The Wyrm

For more than three hundred years the old gibbet has stood at the crossroads, its stark outline silhouetted against the sky.

To the villagers of Shillingham it is a local landmark, a reminder of the sterner justice of a bygone age - nothing more.

So why does Michael Lambton feel a sudden shiver of apprehension as he gazes across the harsh Northumbrian landscape in the dusk, and why are the children Karen and Graham drawn repeatedly to play around the gibbet, as if called by a silent voice? Why does Frank Warwick place fortnightly offerings of food and fuel at the crossroads, and why, when a new plan for a motorway means the removal of the gibbet from its site, does he become almost insane with fear and desperation in his frantic efforts to stop the development?

A dark and terrible evil slumbers beneath the gibbet. Slowly it is awakening, and in its mind burns revenge against mankind. Michael Lambton, in his lonely isolation at Split Crow Farm, has sensed its presence, but only Frank Warwick knows the true nature of the horror that could engulf, not only Shillingham, but the very fabric of existence, and he is powerless to halt the advance of the bulldozers. Soon, soon, it will be too late. At all costs, he must pass on to his daughter Christy the dreadful knowledge that has haunted the Warwicks for three hundred years. With Michael Lambton to help her, she may be able to challenge an evil that seems impervious to attack.

Stephen Laws is possessed of a rare talent which has already attracted millions of readers to his previous books, Ghost Train and Spectre, both masterly explorations of supernatural horror. In The Wyrm he probes the fragile core of our emotional armour, bringing us face to face with our deepest fears.

UNITED PRESS INTERNATIONAL A fresh, chilling voice.

CITY LIMITS Fast, clever and full of zombies.

STARBURST Horror which is both truly frightening and dangerously unpredictable. A brilliant book, full of characterisation , horror, and a creature so frightening that most others pale beside it.

THE BOOKSELLER Laws' remarkable talent for credible horror has already brought comparison with the best selling masters of the genre. This riveting and haunting story confirms his place.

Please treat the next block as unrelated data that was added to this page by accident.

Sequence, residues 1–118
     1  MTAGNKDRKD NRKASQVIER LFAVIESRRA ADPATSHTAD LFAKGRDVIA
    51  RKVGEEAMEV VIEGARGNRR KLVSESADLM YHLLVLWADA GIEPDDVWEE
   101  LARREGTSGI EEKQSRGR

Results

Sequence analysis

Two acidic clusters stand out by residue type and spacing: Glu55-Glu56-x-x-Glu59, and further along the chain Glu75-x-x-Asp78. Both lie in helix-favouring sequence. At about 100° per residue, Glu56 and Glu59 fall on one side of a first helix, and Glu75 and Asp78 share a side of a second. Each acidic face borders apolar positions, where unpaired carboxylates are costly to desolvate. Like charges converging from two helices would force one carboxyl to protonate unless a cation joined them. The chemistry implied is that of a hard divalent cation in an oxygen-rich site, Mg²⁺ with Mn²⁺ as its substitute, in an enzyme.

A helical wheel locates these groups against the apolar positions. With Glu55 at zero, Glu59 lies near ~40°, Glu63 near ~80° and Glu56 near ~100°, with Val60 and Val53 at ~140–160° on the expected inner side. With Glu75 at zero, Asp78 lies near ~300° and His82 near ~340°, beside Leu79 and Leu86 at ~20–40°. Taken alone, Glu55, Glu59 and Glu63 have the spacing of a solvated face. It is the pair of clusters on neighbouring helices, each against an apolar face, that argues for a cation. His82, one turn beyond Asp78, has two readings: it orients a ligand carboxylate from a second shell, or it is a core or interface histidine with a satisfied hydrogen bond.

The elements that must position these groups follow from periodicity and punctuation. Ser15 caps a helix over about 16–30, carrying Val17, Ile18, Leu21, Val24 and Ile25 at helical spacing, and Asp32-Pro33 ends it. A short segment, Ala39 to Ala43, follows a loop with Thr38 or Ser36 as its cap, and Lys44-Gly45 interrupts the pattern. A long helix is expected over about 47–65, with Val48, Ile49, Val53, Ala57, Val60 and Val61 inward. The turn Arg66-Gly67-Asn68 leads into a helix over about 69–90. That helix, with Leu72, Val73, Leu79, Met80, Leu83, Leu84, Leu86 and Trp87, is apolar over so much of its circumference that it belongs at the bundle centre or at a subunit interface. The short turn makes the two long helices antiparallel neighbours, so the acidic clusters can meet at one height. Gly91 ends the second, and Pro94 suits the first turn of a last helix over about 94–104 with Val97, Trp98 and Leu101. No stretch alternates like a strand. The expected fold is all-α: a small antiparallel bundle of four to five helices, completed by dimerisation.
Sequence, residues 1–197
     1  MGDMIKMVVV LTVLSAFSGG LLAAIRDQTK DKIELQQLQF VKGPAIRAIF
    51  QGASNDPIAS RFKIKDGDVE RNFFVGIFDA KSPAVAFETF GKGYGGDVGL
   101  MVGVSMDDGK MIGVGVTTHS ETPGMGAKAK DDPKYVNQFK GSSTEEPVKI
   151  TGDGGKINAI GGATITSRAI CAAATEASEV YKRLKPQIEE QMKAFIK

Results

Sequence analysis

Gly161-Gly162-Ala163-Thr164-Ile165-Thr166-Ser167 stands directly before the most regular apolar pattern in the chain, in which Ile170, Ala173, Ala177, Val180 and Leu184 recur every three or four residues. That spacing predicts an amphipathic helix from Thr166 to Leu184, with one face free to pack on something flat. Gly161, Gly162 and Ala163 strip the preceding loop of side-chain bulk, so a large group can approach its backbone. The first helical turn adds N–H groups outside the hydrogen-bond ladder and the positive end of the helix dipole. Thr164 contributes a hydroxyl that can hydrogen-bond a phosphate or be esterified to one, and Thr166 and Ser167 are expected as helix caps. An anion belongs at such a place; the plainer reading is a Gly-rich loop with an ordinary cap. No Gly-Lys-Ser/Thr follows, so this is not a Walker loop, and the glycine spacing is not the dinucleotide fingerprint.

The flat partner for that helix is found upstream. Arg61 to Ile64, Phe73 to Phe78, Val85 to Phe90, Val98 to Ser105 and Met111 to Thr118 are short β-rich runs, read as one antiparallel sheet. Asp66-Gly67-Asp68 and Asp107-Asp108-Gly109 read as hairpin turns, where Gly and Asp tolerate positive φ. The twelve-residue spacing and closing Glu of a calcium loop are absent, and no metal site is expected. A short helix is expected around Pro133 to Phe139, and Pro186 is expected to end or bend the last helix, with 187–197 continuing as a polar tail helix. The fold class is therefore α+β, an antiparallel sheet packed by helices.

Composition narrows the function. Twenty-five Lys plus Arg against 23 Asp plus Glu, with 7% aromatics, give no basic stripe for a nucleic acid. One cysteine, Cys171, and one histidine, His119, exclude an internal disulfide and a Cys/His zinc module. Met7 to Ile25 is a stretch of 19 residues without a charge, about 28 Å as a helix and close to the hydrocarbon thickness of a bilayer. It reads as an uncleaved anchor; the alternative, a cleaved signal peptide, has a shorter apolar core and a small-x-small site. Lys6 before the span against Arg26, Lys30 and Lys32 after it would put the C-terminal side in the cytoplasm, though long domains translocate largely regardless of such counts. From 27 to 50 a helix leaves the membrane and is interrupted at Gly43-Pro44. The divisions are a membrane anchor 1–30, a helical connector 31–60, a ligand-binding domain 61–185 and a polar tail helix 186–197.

SAMHAIN Laws achieves a truly oppressive atmosphere as this awesome pariah is unleashed on the town. He is at this time unquestionably our most promising genre writer.

FEAR An excellent, breathtaking, morbid read.If his first novels vibrate with dread, then his latest drips it from every page.

WESTERN MORNING NEWS Keeps the suspense gripping until the tense thriller reaches its chilling conclusion.

LIVERPOOL DAILY POST Hair-raising horror that pulls no punches.

YORKSHIRE EVENING POST A marvelous read - full of pace, action and imagination.

Stephen Laws, freezing to death in mid-winter at Winter's Gibbet, just outside Elsdon in Northumberland. The gibbet was one of the inspirations behind the novel. At the time the photograph was taken, there was a tendency for the wooden head hanging from that gibbet to be stolen by local rascals - so the parish Council had a special budget head for replacement heads.

Original photograph taken by Terry White. Subsequently re-edited and formatted by Keith Durham.

Cover for first hardback edition, published by Souvenir Press. The gibbet as central 'feature' would appear in one form or another on most of the subsequent publications both here and abroad; with one exception - J'ai Lu's French edition (see later). The artist isn't credited by Souvenir, but if you're still around and want to get in touch, please do - and I'll be more than happy to give credit where credit is due.

First paperback cover for the Sphere edition, with another great painting by an uncredited artist. Once again, I'm happy to give credit if someone gets in touch. I particularly like the dead owl lying in the foreground, which references a sequence when all the terrified wildlife trying to get out of the cursed, sealed-off village are killed by the Wyrm's deadly and impenetrable fog-barrier.

Cover of New English Library's paperback re-release, with painting by Steve Crisp, who also produced paintings for the re-releases of GHOST TRAIN and SPECTRE.I was so enamored of Steve's work that I bought all three paintings, and they're on my study wall. THE WYRM painting had to be reformatted for the text on the front cover, and unfortunately the horde of approaching zombies featuring prominently at the bottom of the painting can't be seen on the book cover itself.